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Thursday, October 19, 2017

Published with permission from AlterNet

In the annals of feminism, Monday’s debate will rank with the epic tennis match between Bobby Riggs and Billie Jean King.

If there’s anything you want in a president of these United States, it’s the ability to execute a superior strategy against a foe who threatens to tear the nation apart. In Monday night’s historic presidential debate at Hofstra University in New York, Hillary Clinton demonstrated that when it comes to strategy, she has the stuff.

In the days leading up to the debate, no one doubted that Clinton’s command of policy far outstrips Donald Trump’s, or that her intellect is superior to his. But given the uneven playing field she would occupy on account of her gender, there were doubts as to whether she could win the debate without transgressing the standards for likability and loveliness required only of women candidates, while managing to appear presidential. She achieved all that and more by shaping the debate on her terms, and turning disadvantages to her favor. Would the male candidate be permitted to repeatedly interrupt her? Fine, let him. Just use his own vanity to unnerve him before the games even begin.

The debate hadn’t even commenced when Clinton landed her first blow. Greeting her opponent onstage before they set out to their respective podiums, Clinton said, “How are you, Donald?” Not “Mr. Trump.” (Everybody knows he hates to be called by his first name.) That may seem like a small thing, but with those four words, Clinton both attacked his sense of self-importance, and claimed her right to be treated as his equal. Once proceedings were underway, she called him only by his first name throughout.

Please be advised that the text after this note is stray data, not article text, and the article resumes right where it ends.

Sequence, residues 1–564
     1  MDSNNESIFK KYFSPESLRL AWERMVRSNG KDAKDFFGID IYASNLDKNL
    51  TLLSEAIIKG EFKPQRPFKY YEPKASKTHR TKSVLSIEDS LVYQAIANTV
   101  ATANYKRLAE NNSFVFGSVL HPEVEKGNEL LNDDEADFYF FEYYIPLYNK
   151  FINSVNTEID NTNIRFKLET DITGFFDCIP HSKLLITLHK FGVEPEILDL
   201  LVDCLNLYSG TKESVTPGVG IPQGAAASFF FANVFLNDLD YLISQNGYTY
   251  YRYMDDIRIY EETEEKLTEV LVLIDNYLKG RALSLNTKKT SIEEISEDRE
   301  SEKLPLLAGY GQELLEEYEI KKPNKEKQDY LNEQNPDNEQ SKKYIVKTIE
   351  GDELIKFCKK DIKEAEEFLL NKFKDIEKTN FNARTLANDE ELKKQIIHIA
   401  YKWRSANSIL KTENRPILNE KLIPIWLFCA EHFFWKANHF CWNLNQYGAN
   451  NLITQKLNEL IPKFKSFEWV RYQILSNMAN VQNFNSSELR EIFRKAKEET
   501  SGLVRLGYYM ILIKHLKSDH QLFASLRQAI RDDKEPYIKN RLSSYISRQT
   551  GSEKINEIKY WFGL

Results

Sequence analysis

It clearly irked him. In their first exchange, about jobs and trade deals, Trump referred to her as “Secretary Clinton,” and then turned to her and said, “Is that OK? Good. I want you to be very happy. It’s very important to me.” His aside came off as more petulant than respectful.

It was hardly the evening’s most memorable moment, but it was the one at which Trump lost the debate—the second at which he turned from the much-vaunted “teleprompter Trump” into reality-show Trump (otherwise known simply as Donald Trump). Early on in the debate, when moderator Lester Holt of NBC News asked Clinton to respond to Trump’s answer to a question about how he would bring jobs back to the U.S., Trump interrupted Clinton more than 20 times, as Holt stood haplessly by. It didn’t play well for Trump. Clinton kept her cool and pressed her point, punctuating the exchange with a zinger.

Steering her answer to the development of the creation of new clean-energy jobs, she said: “Donald thinks that climate change is a hoax perpetrated by the Chinese. I think it’s real.” When Trump interrupted, claiming never to have said that (actually, he made that assertion in a tweet) Clinton responded, “I think science is real.”

Trump went nuts, badgering Clinton, trying to nail her on her apparent support for the Trans-Pacific Partnership trade deal while she was in the administration, trying to claim credit for her present position in opposition to the deal (when actually pressure from labor unions and Bernie Sanders’ supporters surely had more to do with her embrace of an anti-TPP position). In short, he came off looking like a jerk—on what perhaps was the one topic he on which he could have scored some points, if only he could have kept his ego in check. Instead, he continued to unravel.

She attacked him for “stiff[ing]” hundreds of working people in the bankruptcy proceedings he’s undergone for his various companies, citing working-class people, such as drapery-makers and dishwashers who lost income because of them, and noted that in the audience was an architect whose bill Trump had shorted. She noted his glee at the impending bursting of the housing bubble in 2006, despite the lost family wealth it meant for regular Americans. “It’s called business, by the way,” Trump interrupted.